The Rose Bowl always delivers.

No matter the year, no matter your resolutions, you can count on this being the case when you place your new calendar on the wall. As New Year’s Day melts into New Year’s Night, there’s no better spot for your eyes to gaze than upon this visual feast.

And it’s not just about the sunset hitting the San Gabriel Mountains at the end of the third quarter. Or the impeccably manicured field that looks like each blade of grass was cut with scissors and both end zones were painted with a brush.

It’s about the football, whether this is a Playoff game or not. After another letdown in the CFP semifinals, the 2022 Rose Bowl provided a perfect palate cleanser reminding us that college football is usually fun; not a dreadfully lopsided slog.

Already playing in a setting that looks like a Hollywood creation, Ohio State and Utah gave us a second quarter out of a video game. In just 2:09 of game time, a modestly entertaining 14-7 game exploded into a 35-21 circus.

Even the turnovers were ridiculously entertaining.

In essence, we already had a full game worth of highlights with 36 minutes of game still left to play. All of it was an appetizer for an epic finish.

Ohio State roaring back from a deficit the entire game to finally take a late lead. The Utes, forced to play a backup walk-on quarterback from a Utah town of 1,400 people who hadn’t thrown a pass all season, somehow responding to tie the game when he threw a dime to the back of the end zone.

Ohio State, of course, marched right back the other way for the game-winning chip shot that finally put this season’s best bowl game to rest. It denied us the overtime that would have made this game even better, but that merely would have been whipped cream atop this rich dessert.

Jaxon Smith-Njigba, Rose Bowl legend

Oh yeah. We forgot to mention what might literally be the best performance by a wide receiver in college football history.

Heading into the game, there was some question as to which Buckeyes would step up in the absence of Garrett Wilson and Chris Olave, both of whom opted out to focus on the NFL Draft. Jaxon Smith-Njigba basically did the work of 3 receivers in 1.

Smith-Njigba set an Ohio State single-game record, a Rose Bowl record and an all-time bowl game record with 347 receiving yards. He (and teammate Marvin Harrison Jr.) tied the bowl record with 3 TD catches. He did so on only 13 receptions, giving him a ridiculous average of 23.1 yards per catch. He helped CJ Stroud set Rose Bowl records with 573 yards passing and 6 TDs.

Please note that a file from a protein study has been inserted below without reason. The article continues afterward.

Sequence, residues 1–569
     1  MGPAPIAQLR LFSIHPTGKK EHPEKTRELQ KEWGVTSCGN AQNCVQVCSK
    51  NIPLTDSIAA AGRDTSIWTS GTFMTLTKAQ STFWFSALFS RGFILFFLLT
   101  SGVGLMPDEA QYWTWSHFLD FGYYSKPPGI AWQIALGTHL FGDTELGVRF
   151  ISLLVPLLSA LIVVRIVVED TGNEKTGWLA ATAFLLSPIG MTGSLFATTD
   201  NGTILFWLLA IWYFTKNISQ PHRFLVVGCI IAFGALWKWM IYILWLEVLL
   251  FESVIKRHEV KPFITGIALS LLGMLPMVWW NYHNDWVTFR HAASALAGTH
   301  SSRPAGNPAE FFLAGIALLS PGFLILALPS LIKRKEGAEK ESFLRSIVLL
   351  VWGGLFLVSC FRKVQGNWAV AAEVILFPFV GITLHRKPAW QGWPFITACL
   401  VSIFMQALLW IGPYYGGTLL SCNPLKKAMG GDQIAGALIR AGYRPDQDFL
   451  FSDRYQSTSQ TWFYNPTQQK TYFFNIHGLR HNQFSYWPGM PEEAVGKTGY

Had Smith-Njigba done this independently of all the events listed above, this still would have been one of the most unforgettable Rose Bowls ever. That he did it in conjunction with those things just served to hammer home the point.

Dang. The Rose Bowl rules.

The Rose Bowl should change for no one

There is some consternation in the college football world — primarily coming from within the corners of SEC country — that the Rose Bowl is an anachronism gumming up the works of the College Football Playoff.

It is the Rose Bowl’s insistence on kicking off at 2 p.m. local time that forces the CFP to schedule its semifinals around the Granddaddy of Them All rather than the other way around.

And you know what? That’s exactly how it should be. This Rose Bowl might not have had the stakes of the CFP games, but it was 10,000 times more compelling to watch. And I don’t need to start my year with the game that “means” more. I’d rather start it with the game that’s more fun to watch.

The Rose Bowl rarely fails to be that game.

The scores of the past 5 games played in Pasadena:

  • 2022: Ohio State 48, Utah 45
  • 2020: Oregon 28, Wisconsin 27
  • 2019: Ohio State 28, Washington 23
  • 2018: Georgia 54, Oklahoma 48 (2OT)
  • 2017: USC 52, Penn State 49

Of those games, only Georgia-Oklahoma was a Playoff contest. Fittingly, it remains by far the most entertaining CFP semifinal of the 16 that have been played — the lone semifinal to reach overtime, and 1 of just 2 decided by fewer than 7 points.

Perhaps buoyed by the memories of Baker Mayfield and the combination of Sony Michel and Nick Chubb dueling back-and-forth, there are others who would propose altering the Rose Bowl in a different direction and making it a permanent CFP semifinal.

We don’t need that, either.

To this point, the CFP semis are typically joyless and antiseptic. The Rose Bowl — the stadium and the game itself — is all about color, joy and American grandeur. Giving in to the CFP would take something away from what the Rose Bowl gives us.

A spectacle. And the perfect note on which to open every year.